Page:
The Inland Revenue manuals does say, as already stated in my original reply, that it is the use of the funds which is important and not the property on which the loan is secured. However, it does not specifically say that this is still the case where the security asset and the BTL asset are owned by different people.

          Therefore, it still leaves a question mark on what the position would be where, for example, the BTL asset is owned by one couple and the security asset is owned by say a family friend.

          Having said this, I would still say that the querist is able to claim the whole of the interest against the BTL property owned by the wife alone.

          Sandy also advises the need to maintain a Balance Sheet. This really boils down to keeping a log of dates and amounts of costs which are to be claimed in the calculation of Capital Gains Tax. For example, the purchase price, related legal costs and disbursements, valuation fees and improvement expenditure which have not been claimed as expenses against rental income. This total is the amount upto which you are able to borrow in the future and claim the interest against rental income.

          If you have bought a property as your main residence say 25 years ago for £10,000 and decide to let it from today when the value is say £200,000, you could remortgage it and still claim interest on the full loan upto its value at the commencement of letting, ie, £200,000. In this case, it is irrelevant what you use the remortgage advance for. Even a lot of professional advisors are not aware of this.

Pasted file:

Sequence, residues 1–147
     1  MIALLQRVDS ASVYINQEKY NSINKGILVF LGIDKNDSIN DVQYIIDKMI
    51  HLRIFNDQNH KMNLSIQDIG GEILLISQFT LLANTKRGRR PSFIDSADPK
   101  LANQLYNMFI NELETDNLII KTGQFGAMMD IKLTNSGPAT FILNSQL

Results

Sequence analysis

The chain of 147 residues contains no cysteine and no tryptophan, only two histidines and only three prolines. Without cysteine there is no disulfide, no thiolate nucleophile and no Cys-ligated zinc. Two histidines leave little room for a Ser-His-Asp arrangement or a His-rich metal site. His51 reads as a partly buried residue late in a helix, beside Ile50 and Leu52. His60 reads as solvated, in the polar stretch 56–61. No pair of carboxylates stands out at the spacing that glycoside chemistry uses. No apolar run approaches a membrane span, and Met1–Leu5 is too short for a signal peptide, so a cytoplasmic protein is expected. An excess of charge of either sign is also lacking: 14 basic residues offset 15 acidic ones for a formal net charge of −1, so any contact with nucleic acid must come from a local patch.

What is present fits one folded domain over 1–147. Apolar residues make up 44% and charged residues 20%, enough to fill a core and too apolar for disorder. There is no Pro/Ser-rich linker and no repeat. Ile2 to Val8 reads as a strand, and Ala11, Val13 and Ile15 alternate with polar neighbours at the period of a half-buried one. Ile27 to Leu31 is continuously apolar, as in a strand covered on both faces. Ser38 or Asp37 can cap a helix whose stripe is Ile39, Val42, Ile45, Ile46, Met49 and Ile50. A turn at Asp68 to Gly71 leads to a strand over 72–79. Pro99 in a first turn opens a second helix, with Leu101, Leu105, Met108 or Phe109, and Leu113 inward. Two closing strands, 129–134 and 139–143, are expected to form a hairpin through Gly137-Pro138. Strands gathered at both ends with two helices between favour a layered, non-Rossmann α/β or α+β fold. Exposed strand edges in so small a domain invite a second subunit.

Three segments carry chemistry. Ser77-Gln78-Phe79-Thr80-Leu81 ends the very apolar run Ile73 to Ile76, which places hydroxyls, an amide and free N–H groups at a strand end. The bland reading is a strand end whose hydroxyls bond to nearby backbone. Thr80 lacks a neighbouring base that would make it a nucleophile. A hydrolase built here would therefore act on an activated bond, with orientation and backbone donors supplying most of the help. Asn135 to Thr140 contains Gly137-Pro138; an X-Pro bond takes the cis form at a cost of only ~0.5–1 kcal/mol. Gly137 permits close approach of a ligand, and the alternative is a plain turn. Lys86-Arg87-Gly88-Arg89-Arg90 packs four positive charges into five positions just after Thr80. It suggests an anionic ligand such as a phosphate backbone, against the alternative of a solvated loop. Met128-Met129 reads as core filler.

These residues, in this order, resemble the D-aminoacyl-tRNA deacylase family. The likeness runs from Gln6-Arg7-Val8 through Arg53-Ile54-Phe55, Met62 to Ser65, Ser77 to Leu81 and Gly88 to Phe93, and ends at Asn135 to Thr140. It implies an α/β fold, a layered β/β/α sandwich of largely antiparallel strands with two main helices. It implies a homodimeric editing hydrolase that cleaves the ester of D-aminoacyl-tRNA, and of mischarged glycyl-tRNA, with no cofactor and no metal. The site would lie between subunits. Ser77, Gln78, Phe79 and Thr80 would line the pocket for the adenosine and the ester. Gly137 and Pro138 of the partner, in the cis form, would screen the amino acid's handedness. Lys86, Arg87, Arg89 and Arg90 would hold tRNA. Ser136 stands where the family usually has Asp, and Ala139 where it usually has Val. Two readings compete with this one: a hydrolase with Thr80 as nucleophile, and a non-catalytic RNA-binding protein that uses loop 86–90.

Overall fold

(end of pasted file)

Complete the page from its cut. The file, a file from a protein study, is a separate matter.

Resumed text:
Private advice is available for a fee by sending a private message.


            I have a similar situation with a suttle difference.
            I was given a property 10 years ago by my parents, which has gone from 10K to now being worth 80K.
            This property has been let for the last 10 years without a mortgage.
            I am about to buy a residential property to live in myself and am thinking of releasing some of the equity in the rental property to help fund the purchace of the residential property.
            My question is, "Can I get a straightforward mortgage, secured on my new house and as Friston did, claim the interest payments of 80K against my rental income or do I need to have two seperate mortgages?"


              In my earlier post, I stated that one can borrow only upto the value of the property at the time letting commenced. If your letting commenced 10 years ago, and the value then was £10,000, you could borrow only upto £10,000. Any interest on the excess borrowing will not be eligible for tax relief.

              It is also important to note that the loans must be secured on the let property in question.
              Private advice is available for a fee by sending a private message.